In 1984, a crass quartet of sleaze-driven Hollywood rockers were introduced to American audiences as the opening act for Ozzy Osbourne. From there, their legacy grew in leaps, bounds and leather-packaged legal battles. The band is Mötley Crüe, and the name alone has become the embodiment of America's hard rock and heavy metal roots. Their history is bold, their legacy is brash, and now, with their recent reunion and upcoming world tour scheduled to kick off in February, their future is wide open.
Yet, while the biggest reunion in recent memory has finally been confirmed, the true question is, can it last? On the set of their video for new single “Die Tomorrow” (from the upcoming Red, White & Crüe anthology), the mood was all but business-as-usual, though the tension was more surreal than it was uncomfortable. There was a sense of uncertainty in the air, as not only was it the first time the full band frontman Vince Neil, drummer Tommy Lee, bassist Nikki Sixx and guitarist Mick Mars had been in a room together in years, but it was also the first time that the frontman and drummer had seen their guitarist since he's gone public with his ongoing battle with ankylosing spondylitis, a degenerative joint disease he's fought for more than thirty years.
Mötley Crüe are back. As is every bit of controversy and outspokenness we've come to expect.
While Sixx is quick to attribute the band's regrouping to fan demand, Mars cites “greed” as the primary reason “Not on my part, and I won't say on everyone's part, but there is greed involved,” the guitarist says.
Greed, or just really good business acumen? With ticket sales for the concert industry continuing to slump, demand is high for any act with the potential to sell-out arenas, and a reunion of the band that brought us such classic albums as Shout At The Devil, Girls, Girls, Girls and Dr. Feelgood heads an incredibly short list of acts whose appeal can bridge generations of rock fans. With the help of a hip replacement surgery in mid-October, Mars' health is improving at a pace that shocks even his doctors, helping make the February launch of their world tour one of the most anticipated events of the new millennium.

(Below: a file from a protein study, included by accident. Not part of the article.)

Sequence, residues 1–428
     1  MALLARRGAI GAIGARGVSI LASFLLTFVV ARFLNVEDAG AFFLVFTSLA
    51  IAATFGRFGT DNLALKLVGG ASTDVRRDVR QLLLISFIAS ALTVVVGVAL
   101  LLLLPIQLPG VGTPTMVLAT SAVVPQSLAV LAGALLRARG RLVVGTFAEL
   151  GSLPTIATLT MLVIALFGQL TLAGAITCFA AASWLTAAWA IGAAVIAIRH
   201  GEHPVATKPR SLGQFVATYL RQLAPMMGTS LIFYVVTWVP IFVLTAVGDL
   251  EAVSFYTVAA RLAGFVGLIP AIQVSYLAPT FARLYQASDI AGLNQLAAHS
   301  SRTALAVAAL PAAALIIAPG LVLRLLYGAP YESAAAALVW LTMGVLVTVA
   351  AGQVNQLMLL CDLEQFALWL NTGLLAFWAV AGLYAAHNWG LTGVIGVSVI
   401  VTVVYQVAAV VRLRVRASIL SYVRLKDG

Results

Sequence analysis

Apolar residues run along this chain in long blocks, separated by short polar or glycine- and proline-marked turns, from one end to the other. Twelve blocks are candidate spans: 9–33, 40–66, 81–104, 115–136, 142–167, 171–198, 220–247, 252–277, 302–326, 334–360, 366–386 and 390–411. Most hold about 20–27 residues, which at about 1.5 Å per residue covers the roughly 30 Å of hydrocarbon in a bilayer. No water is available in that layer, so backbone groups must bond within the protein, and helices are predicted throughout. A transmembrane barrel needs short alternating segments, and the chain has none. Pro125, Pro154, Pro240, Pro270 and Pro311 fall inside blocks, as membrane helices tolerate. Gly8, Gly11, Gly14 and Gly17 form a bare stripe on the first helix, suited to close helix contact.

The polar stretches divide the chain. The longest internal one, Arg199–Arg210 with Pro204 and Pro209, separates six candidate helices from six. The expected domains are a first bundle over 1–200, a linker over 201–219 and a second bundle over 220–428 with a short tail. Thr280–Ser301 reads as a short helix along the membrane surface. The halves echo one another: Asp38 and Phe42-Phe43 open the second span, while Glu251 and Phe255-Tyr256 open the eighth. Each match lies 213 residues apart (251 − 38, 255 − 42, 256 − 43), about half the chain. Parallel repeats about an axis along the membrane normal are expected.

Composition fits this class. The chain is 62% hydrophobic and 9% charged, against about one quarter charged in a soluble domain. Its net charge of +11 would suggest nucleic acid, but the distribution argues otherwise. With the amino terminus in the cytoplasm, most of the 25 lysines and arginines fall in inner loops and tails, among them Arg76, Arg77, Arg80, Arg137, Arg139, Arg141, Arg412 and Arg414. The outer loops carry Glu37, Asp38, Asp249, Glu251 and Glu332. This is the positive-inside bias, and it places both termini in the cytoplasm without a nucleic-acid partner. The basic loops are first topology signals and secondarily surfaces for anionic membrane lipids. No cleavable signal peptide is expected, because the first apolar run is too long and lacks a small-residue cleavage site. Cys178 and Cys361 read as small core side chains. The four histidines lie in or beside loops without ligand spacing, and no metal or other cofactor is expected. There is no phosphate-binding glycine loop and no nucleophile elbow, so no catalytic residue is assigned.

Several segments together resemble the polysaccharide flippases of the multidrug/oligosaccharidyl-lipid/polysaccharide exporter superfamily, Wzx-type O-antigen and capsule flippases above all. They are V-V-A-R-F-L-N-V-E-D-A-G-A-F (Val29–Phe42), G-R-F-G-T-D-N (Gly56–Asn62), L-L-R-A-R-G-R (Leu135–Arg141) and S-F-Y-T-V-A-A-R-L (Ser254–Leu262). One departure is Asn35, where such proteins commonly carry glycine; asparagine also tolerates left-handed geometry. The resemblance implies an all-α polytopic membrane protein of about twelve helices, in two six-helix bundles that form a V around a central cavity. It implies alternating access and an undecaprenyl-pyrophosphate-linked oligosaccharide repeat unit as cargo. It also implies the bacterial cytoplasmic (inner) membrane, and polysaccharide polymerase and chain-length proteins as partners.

“I think the world is ready for some real rock 'n' roll. Some real-time guys that play their own instruments, write their own songs, and sing the music and have a good time doing it,” says Neil. “Right now, music is like the bubble gum '70s. It's sad to say, but it's the pre-fab crap. When you've got younger brothers and sisters of people that are doing stuff, just because they've got the money to make their brothers and sisters stars, that's sad. These people have no talent, they have nothing but money! It's a sad state right now… But when we play 'Wildside,' people get fucking wild. We've got the shit going on girls dancing on stages, the lights, the visuals, the lights and it builds you into a fucking frenzy. That's Mötley Crüe, and this will be the full-blown Mötley Crüe What you remember, and you've heard about.”
But it's been more than a decade since Mötley were at their peak in popularity, and they're that much older. Add a bevy of reality TV shows and solo projects to the mix, and the question needs to be asked. Will it be the same? Can they be as dangerous and unabashed as their fabled past?
“I think the danger is, we're an unpredictable band,” says Sixx. “It's not that someone's going to jump out of a car and shoot you, it's a danger more in line with a car race. You just don't know what's going to happen next. That's what the band is like naturally, and we just can't help that. “
For unpredictability, you don't have to look much further than the band's headlining-stealing drummer. “We'll see what happens,” says Lee, nodding his head with still a noticeable sense of uncertainty about their future. “I just think it's all real rushed. This is hard for someone like me, and I'm sure for the other guys, too, we already fucking did it, so why drag it out and wear it out? I just want to make sure that when we do it, we fuckin' kill it. But, first, my heart wants Mick to get well, then let's go fuckin' rip it it. It'll be awesome for one last time.”
Mars is confident, as are his doctors, that his health won't be a concern come February. “I'm really trying to prove a point,” he says, “that you can have something as serious as what I have, and still play and work. It's not easy, but I'm going to do whatever I can, and the best I can. I can say this. I'm the fastest recovery, so far, that my doctors have on record. That shows you how determined I am to do this.”
“This is exciting for us, and the timing is so right, it's ridiculous,” concludes Sixx of the reunion. “It's a big undertaking, there's a lot going on, and people are freaking out. We don't know what's going to happen, we've just got to let go, and let things happen. The fact that we're even doing this video today is still mind-blowing to me!”
For the full interview with all four members, check out Paul Gargano's cover story in the March 2005 issue of Metal Edge magazine, on-sale worldwide January 4, 2005.